Author Conclusion:
These results suggest that high protein diet early in life could increase the risk of obesity and other pathologies later in life.
Reviewer Comments:

Strengths

Longitudinal nature of the study.

Weaknesses

  • Correlations are based on a single dietary assessment performed at age two
  • Parental weights and heights were self-reported.

Research Design and Implementation Criteria Checklist: Primary Research
Relevance Questions
  1. Would implementing the studied intervention or procedure (if found successful) result in improved outcomes for the patients/clients/population group? (Not Applicable for some epidemiological studies)
Yes
  2. Did the authors study an outcome (dependent variable) or topic that the patients/clients/population group would care about?
Yes
  3. Is the focus of the intervention or procedure (independent variable) or topic of study a common issue of concern to nutrition or dietetics practice?
Yes
  4. Is the intervention or procedure feasible? (NA for some epidemiological studies)
N/A
 
Validity Questions
1. Was the research question clearly stated?
Yes
  1.1. Was (were) the specific intervention(s) or procedure(s) [independent variable(s)] identified?
Yes
  1.2. Was (were) the outcome(s) [dependent variable(s)] clearly indicated?
Yes
  1.3. Were the target population and setting specified?
Yes
2. Was the selection of study subjects/patients free from bias?
No
  2.1. Were inclusion/exclusion criteria specified (e.g., risk, point in disease progression, diagnostic or prognosis criteria), and with sufficient detail and without omitting criteria critical to the study?
No
  2.2. Were criteria applied equally to all study groups?
Yes
  2.3. Were health, demographics, and other characteristics of subjects described?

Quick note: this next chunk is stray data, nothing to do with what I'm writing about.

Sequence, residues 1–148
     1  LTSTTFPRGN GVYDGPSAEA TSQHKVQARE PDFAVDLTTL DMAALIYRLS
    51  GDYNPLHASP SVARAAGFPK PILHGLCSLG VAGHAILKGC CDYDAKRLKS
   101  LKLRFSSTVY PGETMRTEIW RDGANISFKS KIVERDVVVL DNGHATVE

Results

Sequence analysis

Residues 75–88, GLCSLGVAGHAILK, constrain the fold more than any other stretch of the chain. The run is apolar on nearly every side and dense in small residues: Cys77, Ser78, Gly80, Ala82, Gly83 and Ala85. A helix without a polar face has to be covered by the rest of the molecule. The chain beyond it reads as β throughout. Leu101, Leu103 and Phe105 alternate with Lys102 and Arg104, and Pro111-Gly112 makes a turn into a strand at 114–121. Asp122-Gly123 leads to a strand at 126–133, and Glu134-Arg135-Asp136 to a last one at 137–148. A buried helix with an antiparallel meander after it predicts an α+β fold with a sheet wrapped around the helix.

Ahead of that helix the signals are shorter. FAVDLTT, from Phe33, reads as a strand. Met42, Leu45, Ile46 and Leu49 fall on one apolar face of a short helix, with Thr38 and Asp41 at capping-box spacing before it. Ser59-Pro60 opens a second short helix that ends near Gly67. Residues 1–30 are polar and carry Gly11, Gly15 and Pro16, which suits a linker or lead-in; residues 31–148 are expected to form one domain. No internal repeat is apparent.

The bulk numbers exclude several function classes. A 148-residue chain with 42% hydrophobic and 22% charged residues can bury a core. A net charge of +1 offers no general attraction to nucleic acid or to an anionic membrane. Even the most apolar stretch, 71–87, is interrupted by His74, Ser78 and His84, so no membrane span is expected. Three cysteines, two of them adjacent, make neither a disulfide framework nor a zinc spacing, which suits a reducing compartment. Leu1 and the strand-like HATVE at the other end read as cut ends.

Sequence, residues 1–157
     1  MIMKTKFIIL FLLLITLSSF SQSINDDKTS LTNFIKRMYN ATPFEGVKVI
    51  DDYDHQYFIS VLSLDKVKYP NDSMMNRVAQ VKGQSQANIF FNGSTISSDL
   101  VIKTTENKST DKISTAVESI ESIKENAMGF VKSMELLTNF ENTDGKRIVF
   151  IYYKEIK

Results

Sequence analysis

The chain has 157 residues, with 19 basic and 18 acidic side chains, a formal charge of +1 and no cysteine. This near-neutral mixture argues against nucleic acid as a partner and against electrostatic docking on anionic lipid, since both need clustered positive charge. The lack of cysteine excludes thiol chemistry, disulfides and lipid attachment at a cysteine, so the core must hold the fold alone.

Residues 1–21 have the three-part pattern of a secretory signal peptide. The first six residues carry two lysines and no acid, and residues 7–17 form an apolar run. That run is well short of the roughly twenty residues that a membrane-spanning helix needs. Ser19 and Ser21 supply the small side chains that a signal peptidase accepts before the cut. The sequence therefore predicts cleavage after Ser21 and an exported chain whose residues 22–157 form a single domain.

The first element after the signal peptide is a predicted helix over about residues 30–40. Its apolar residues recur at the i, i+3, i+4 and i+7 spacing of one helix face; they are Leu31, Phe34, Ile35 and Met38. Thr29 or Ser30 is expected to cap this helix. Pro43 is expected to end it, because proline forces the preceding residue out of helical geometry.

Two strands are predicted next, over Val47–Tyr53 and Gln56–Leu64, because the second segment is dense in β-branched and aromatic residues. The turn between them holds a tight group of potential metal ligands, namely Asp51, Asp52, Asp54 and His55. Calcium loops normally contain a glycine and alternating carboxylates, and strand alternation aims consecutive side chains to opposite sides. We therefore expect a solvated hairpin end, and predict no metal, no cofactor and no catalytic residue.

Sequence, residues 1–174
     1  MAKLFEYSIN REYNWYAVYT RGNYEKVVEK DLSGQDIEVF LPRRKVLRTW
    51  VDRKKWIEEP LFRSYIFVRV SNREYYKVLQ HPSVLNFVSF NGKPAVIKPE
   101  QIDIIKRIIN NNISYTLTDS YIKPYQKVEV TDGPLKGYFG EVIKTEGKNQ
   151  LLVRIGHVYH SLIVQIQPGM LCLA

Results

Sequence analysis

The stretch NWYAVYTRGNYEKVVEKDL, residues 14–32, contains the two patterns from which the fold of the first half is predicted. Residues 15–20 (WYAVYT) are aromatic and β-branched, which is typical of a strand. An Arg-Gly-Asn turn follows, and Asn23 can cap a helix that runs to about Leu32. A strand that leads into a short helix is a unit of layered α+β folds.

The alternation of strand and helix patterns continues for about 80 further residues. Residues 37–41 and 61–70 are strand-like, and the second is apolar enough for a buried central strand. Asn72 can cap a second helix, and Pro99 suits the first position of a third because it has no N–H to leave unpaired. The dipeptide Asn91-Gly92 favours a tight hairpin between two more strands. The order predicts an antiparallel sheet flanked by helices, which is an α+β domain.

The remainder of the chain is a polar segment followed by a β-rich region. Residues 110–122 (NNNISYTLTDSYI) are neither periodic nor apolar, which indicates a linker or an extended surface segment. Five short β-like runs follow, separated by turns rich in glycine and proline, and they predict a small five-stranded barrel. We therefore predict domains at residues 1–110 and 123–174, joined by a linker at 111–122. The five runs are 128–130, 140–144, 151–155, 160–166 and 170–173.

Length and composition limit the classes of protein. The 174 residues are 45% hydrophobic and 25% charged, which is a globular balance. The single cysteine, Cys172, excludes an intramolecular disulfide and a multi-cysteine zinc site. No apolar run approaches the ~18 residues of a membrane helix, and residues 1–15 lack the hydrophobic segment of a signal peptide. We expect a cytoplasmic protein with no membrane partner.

No
  2.4. Were the subjects/patients a representative sample of the relevant population?
???
3. Were study groups comparable?
N/A
  3.1. Was the method of assigning subjects/patients to groups described and unbiased? (Method of randomization identified if RCT)
N/A
  3.2. Were distribution of disease status, prognostic factors, and other factors (e.g., demographics) similar across study groups at baseline?
N/A
  3.3. Were concurrent controls used? (Concurrent preferred over historical controls.)
N/A
  3.4. If cohort study or cross-sectional study, were groups comparable on important confounding factors and/or were preexisting differences accounted for by using appropriate adjustments in statistical analysis?
N/A
  3.5. If case control or cross-sectional study, were potential confounding factors comparable for cases and controls? (If case series or trial with subjects serving as own control, this criterion is not applicable. Criterion may not be applicable in some cross-sectional studies.)
N/A
  3.6. If diagnostic test, was there an independent blind comparison with an appropriate reference standard (e.g., "gold standard")?
N/A
4. Was method of handling withdrawals described?
N/A
  4.1. Were follow-up methods described and the same for all groups?
Yes
  4.2. Was the number, characteristics of withdrawals (i.e., dropouts, lost to follow up, attrition rate) and/or response rate (cross-sectional studies) described for each group? (Follow up goal for a strong study is 80%.)
Yes
  4.3. Were all enrolled subjects/patients (in the original sample) accounted for?
Yes
  4.4. Were reasons for withdrawals similar across groups?
???
  4.5. If diagnostic test, was decision to perform reference test not dependent on results of test under study?
N/A
5. Was blinding used to prevent introduction of bias?
Yes